SHARES in Petra Diamonds fell 8% during morning trade in London after the company acknowledged that the suspension of its Williamson mine would put its covenants with lenders under pressure.
“Williamson does impact our liquidity; our covenants at December will definitely be under pressure,” said Johan Dippenaar, CEO of Petra Diamonds. “We are yet to go into detailed discussions [with lenders]. But I am confident that with our past history with covenants, it is a thing we can cross,” he said. “We have sufficient headroom,” he said.
Dippenaar was commenting during the presentation of the group’s year-end figures which somewhat under-whelmed analysts. “Petra reported underlying earnings before interest, tax and depreciation [EBITDA] of $157m, which came in 7% under forecast on 6% higher-than-expected costs, primarily at Cullinan,” said Edward Sterck of BMO Capital Markets.
The key number in this performance was lower-than-anticipated production which at four million carats undershot guidance of between 4.4 million to 4.6 million carats. The company needs all its mines to contribute if it is to have a decent stab at cutting net debt which at $555.3m is at near-peak levels following long-standing project investment.
It’s for this reason that the possibility there will be no exports from Williamson in the first six months is disquieting for shareholders. Petra announced on September 11 that it had suspended production at the mine after a parcel of goods was blocked from export by the Tanzanian government.
The government alleged Petra had under-reported the value of certain diamonds and that it subsequently planned to nationalise the mine. “A fresh valuation done by the government established that the actual value of the diamonds is $29.5m,” the ministry said in respect of diamonds due for export which it valued at $14.8m.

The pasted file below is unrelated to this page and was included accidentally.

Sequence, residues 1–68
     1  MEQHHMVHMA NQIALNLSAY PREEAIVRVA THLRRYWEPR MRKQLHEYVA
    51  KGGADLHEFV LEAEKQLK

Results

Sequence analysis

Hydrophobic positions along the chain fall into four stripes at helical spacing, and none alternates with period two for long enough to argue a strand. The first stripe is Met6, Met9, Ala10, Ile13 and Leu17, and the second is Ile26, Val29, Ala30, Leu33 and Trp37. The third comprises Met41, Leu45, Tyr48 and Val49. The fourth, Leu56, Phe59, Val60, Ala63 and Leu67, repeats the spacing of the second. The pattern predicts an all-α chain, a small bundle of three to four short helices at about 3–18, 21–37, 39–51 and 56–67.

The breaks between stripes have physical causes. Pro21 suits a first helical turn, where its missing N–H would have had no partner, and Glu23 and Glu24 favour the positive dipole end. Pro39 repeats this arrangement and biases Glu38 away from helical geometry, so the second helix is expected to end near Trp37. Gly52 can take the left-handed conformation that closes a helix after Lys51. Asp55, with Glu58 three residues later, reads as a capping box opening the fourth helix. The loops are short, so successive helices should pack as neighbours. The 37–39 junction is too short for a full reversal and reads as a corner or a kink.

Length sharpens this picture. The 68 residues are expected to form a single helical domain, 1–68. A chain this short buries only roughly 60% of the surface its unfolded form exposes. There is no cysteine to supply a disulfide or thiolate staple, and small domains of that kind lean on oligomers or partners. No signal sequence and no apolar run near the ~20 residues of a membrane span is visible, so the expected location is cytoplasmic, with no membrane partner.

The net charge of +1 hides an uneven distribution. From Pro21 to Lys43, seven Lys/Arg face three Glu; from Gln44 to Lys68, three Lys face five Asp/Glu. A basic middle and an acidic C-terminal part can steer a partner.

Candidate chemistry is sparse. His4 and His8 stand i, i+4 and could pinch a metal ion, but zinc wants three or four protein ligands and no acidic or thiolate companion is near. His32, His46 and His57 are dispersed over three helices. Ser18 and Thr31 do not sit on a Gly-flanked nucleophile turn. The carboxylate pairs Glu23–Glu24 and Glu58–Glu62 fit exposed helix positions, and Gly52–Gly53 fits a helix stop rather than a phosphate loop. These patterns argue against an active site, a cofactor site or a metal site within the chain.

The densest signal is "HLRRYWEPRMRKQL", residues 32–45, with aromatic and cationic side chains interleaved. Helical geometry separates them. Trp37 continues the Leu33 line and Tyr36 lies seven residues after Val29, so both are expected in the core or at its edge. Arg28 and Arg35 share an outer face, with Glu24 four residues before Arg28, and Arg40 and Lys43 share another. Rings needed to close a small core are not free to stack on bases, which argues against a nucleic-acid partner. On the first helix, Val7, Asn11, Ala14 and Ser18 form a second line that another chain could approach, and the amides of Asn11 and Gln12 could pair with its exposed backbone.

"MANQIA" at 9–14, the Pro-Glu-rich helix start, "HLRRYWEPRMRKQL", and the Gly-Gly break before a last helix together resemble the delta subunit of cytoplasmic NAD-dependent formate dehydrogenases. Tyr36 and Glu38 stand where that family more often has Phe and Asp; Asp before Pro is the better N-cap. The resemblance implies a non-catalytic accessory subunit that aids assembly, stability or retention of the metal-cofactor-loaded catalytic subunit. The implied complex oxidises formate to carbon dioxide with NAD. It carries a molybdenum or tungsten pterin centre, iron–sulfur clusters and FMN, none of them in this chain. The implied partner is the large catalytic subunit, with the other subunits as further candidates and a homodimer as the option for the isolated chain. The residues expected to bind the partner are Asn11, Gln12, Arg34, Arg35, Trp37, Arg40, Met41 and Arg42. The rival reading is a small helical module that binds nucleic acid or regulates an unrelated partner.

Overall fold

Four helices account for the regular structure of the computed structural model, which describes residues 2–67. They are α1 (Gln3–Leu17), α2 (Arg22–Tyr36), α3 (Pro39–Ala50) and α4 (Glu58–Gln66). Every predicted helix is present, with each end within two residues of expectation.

Williamson is valued at $28m, equal to about 3% of the total asset value of the company pre-debt with the asset’s contribution to EBITDA also around 3%.
Said BMO’s Sterck: “Whilst Williamson is a minor operation for Petra, its performance does influence whether the company will meet its December covenant measurements or not. If normal operating conditions prevail, we would expect Petra to pass the tests. If Williamson’s exports continue to be blocked, then we estimate that Petra will miss the net debt to EBITDA measurement but will still pass the other covenants”.
“Given that the situation in Tanzania is outside of the company’s control and the balance sheet remains robust, we would be surprised if the lenders took a hard line on covenant breaches,” he said.
The current covenant test states that net debt cannot exceed four times EBITDA falls due by December. There’s another test in June 2018 where the ratio of net debt to EBITDA declines to 2.5 times implying major deleverating of the balance sheet during the period.
Investec Securities said the covenant target “… should be just about achievable if the company suffers no misses or unanticipated challenges e.g. government, unions, incidents etc”. Petra is yet to finalise wage agreements at all its South African mines although there are indications unions could settle at between 8% to 10% depending on the wage grade.
Dippenaar said Petra would be cash flow positive by the second half of its financial year even without sales from Williamson. He also suggested the group would have a strong payout policy because demands on sustaining capital would not be as heavy as traditional ‘tabular’ miners. It would halve by 2020.
Commenting on the company’s prospects, Dippenaar said it was “on track” to meet this year’s production guidance of between 4.8 million to 5 million carats, increasing to as much as 5.3 million carats in the 2019 financial year.
“Key going forward will be quarterly production updates demonstrating delivery to the latest guidance plan that we hope is sufficiently conservative,” said Investec Securities.
“It has been a tough year for Petra and the situation at Williamson we hope will be resolved and less troubling than the challenges faced by Acacia,” it added referring to the gold mining firm which recently placed its Bulyanhulu gold mine on care and maintenance amid a dispute with the Tanzanian government over the value of its concentrates from the mine.